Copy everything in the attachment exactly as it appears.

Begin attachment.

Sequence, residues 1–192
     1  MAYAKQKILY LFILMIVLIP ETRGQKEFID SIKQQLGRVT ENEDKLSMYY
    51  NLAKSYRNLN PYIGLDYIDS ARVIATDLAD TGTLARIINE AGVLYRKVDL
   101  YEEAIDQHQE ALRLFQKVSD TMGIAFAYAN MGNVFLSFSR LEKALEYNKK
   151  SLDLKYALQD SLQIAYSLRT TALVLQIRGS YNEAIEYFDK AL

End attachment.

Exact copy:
Sequence, residues 1–192
     1  MAYAKQKILY LFILMIVLIP ETRGQKEFID SIKQQLGRVT ENEDKLSMYY
    51  NLAKSYRNLN PYIGLDYIDS ARVIATDLAD TGTLARIINE AGVLYRKVDL
   101  YEEAIDQHQE ALRLFQKVSD TMGIAFAYAN MGNVFLSFSR LEKALEYNKK
   151  SLDLKYALQD SLQIAYSLRT TALVLQIRGS YNEAIEYFDK AL